Luleå Biennial 2018
Humans are good at altering reality. It’s one of our special talents. When faced with an unsatisfactory or unpleasant situation, we can bend our considerable mental abilities towards inventing a new situation in which the unpleasantness is done away with. My six-year-old niece has become rather expert at this. When she encounters something that she doesn’t like—if we’re playing a card game, for instance, and she’s not happy with the card she’s drawn—she will say firmly: “No, that doesn’t count!” and turn the card over, as if to negate its existence.
This is a normal behavior for a six-year-old. But this kind of magical thinking can have rather more significant consequences in the adult world—both on an individual level and on a social scale. Religious fundamentalists can insist their child is possessed rather than face facts that contradict their worldviews. The president of a powerful democratic country can decry vast swathes of the media as “fake news.” Sigmund Freud would probably have described these as examples of defense mechanisms. He spent much of his career cataloguing of all the various ways humans can deny, distort, or evade the unpleasant aspects of reality.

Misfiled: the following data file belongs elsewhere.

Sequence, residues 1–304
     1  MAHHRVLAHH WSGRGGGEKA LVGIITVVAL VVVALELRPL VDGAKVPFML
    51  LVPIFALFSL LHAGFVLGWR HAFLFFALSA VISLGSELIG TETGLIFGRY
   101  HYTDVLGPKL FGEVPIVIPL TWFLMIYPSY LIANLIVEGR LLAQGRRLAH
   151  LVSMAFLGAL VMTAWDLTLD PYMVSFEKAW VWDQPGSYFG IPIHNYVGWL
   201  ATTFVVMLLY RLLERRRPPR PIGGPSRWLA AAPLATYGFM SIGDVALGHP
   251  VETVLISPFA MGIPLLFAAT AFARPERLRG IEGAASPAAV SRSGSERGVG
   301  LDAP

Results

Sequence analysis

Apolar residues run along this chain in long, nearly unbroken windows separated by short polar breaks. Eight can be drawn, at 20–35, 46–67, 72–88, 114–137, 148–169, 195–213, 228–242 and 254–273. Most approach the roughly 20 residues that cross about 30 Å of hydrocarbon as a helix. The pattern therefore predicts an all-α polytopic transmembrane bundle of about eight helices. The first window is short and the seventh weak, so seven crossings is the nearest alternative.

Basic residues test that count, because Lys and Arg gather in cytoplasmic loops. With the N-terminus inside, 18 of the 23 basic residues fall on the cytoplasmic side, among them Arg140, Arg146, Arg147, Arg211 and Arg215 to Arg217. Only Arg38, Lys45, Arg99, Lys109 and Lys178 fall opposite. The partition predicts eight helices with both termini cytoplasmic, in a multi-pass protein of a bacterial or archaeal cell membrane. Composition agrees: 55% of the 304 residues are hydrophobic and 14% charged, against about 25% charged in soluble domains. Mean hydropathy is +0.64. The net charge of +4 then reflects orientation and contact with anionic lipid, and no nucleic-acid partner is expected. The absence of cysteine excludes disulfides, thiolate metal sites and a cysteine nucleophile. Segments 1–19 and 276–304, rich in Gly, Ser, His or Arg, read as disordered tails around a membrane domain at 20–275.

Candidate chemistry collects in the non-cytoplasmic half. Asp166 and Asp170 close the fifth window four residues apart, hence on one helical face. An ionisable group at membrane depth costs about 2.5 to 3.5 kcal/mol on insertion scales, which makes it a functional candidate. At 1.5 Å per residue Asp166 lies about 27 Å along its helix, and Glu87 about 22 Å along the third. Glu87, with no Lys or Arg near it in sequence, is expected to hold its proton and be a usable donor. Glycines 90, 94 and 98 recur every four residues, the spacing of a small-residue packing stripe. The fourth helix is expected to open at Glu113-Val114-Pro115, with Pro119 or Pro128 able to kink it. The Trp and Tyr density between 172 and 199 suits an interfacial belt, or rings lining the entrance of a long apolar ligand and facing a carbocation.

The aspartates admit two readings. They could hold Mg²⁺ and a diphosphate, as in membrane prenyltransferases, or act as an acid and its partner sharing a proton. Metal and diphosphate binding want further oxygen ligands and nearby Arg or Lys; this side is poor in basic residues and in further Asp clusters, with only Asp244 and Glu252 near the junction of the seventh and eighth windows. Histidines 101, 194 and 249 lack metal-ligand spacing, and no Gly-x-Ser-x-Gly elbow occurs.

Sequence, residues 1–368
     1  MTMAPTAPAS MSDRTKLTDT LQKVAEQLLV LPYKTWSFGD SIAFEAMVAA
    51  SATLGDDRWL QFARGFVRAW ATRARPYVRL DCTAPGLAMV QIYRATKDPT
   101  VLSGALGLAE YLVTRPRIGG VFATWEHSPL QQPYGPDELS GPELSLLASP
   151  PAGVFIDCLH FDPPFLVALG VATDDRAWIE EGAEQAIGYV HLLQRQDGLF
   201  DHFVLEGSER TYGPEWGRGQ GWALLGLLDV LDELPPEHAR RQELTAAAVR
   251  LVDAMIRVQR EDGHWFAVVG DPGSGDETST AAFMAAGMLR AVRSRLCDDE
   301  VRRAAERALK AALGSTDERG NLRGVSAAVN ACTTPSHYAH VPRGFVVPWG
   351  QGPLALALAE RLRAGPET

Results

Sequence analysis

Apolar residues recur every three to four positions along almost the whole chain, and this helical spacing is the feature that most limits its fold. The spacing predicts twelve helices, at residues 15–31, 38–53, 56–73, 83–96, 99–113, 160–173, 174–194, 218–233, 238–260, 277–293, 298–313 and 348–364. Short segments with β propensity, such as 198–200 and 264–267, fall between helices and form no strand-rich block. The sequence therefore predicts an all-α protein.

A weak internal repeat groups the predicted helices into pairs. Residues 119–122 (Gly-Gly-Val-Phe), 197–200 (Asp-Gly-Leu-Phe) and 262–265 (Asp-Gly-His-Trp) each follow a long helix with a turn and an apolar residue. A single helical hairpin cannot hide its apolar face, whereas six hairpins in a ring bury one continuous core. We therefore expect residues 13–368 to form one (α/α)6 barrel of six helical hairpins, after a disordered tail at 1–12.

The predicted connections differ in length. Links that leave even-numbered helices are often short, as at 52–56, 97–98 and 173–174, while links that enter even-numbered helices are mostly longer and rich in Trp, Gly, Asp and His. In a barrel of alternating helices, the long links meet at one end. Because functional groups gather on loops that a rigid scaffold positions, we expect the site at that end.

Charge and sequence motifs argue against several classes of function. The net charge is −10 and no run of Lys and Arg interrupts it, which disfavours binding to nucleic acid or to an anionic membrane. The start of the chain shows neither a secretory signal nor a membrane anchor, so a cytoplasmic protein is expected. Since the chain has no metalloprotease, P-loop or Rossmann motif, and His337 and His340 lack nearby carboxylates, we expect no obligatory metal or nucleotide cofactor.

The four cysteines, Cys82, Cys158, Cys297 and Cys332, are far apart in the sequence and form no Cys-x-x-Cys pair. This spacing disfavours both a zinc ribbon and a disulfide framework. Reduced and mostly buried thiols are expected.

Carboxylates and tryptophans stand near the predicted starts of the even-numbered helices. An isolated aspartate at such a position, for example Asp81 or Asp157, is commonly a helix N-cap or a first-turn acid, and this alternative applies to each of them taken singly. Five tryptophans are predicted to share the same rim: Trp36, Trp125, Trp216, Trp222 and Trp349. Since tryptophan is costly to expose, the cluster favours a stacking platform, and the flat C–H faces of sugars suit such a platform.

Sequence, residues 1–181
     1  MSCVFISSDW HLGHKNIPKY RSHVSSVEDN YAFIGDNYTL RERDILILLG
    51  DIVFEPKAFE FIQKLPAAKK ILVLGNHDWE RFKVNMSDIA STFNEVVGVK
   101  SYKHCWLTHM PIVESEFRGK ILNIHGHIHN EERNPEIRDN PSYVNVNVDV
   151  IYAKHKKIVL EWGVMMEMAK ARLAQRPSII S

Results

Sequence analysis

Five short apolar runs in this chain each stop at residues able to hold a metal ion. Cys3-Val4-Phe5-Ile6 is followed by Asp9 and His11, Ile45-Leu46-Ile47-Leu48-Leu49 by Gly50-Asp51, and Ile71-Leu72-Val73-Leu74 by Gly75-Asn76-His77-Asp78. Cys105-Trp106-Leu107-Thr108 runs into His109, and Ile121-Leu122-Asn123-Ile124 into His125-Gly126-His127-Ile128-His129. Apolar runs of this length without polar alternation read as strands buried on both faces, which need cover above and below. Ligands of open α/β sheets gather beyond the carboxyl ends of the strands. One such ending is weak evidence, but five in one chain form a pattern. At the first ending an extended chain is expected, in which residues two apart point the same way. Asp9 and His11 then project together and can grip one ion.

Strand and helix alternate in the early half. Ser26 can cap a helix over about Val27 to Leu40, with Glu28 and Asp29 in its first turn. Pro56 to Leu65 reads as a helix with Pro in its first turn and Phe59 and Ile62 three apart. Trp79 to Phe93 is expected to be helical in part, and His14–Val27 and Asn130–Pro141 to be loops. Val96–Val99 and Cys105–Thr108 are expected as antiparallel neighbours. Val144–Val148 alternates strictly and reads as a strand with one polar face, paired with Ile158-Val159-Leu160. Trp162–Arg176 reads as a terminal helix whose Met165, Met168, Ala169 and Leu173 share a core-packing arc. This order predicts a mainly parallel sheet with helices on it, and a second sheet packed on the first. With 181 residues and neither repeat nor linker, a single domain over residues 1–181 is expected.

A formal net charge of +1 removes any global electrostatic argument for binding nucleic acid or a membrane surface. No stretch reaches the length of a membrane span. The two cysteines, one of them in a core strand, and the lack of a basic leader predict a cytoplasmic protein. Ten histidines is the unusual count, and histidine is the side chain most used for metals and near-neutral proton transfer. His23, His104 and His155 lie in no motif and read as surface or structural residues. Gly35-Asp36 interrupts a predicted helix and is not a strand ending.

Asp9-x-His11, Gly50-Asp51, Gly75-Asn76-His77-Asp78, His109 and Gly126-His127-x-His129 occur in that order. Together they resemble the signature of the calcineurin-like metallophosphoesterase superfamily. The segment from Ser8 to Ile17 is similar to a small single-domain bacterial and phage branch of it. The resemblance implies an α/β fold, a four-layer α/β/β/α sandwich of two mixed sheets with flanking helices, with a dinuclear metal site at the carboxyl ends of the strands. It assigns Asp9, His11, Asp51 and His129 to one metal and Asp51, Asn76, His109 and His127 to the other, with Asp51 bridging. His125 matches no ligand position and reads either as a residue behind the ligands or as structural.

Defense mechanisms are important psychological tools. Each one of us relies on them when we feel threatened. But when the impulse to substitute an invented reality for actual reality becomes too powerful—when a person “loses touch” as we say—the situation can tip into a kind of mania.
One of the problems with magical thinking is that our invented realities lack the weight—the sheer immovable alterity—of actual existing reality. Nothing of any substance can be built in this invented world except further layers of magical construction. As paradoxical as it may sound, the encounter with actual existing reality—and the radical otherness that is found there—is fundamental for the creation of genuine self-experience. We must necessarily grapple with what is “not-me” in order to become an authentic self and to develop genuine interpersonal relations.
As you might imagine from my title, I would like to make a case for one very special kind of losing touching with reality, namely reverie. What I mean by this word is exactly what you might imagine: the experience of getting lost in thought, daydreams, fantasies, or even bodily sensations; letting mind wander freely; attending to the atmosphere of your inner world. It is perhaps important to distinguish this unique form of thought from the kind of distraction that is all-too familiar in today’s technologically saturated world. Distraction is a state of mind produced by external forces that deliberately seek to manage our attention. Reverie, in contrast, is a mental state in which the mind wanders freely, following it’s own logic of desire.